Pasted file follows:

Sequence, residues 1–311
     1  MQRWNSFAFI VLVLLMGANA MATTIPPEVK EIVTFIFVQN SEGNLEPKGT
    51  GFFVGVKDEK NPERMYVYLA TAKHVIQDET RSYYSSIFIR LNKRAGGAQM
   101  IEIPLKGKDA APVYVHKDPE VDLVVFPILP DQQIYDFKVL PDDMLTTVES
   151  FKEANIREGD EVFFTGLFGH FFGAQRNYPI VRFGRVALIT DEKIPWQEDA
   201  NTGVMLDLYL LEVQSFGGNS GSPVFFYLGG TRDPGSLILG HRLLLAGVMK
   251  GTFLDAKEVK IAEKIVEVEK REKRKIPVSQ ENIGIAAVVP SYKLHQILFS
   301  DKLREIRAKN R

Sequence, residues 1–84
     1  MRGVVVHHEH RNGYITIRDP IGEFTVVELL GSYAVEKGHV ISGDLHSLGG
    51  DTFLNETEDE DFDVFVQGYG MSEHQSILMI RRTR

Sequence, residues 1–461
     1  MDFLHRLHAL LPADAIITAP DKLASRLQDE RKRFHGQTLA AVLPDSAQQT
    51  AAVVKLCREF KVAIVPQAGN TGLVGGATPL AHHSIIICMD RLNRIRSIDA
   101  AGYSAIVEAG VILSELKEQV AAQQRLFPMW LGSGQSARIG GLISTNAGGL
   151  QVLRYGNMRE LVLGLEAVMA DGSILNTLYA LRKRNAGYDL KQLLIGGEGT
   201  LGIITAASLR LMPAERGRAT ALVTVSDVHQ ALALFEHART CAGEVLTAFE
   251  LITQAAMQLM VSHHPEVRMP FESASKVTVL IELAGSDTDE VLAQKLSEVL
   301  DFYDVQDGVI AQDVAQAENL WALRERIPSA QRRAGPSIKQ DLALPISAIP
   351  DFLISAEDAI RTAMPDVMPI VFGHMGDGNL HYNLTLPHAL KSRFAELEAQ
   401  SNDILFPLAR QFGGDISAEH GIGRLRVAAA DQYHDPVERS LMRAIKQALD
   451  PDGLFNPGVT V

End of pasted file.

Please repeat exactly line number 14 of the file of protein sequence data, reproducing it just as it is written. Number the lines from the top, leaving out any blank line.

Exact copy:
    51  AAVVKLCREF KVAIVPQAGN TGLVGGATPL AHHSIIICMD RLNRIRSIDA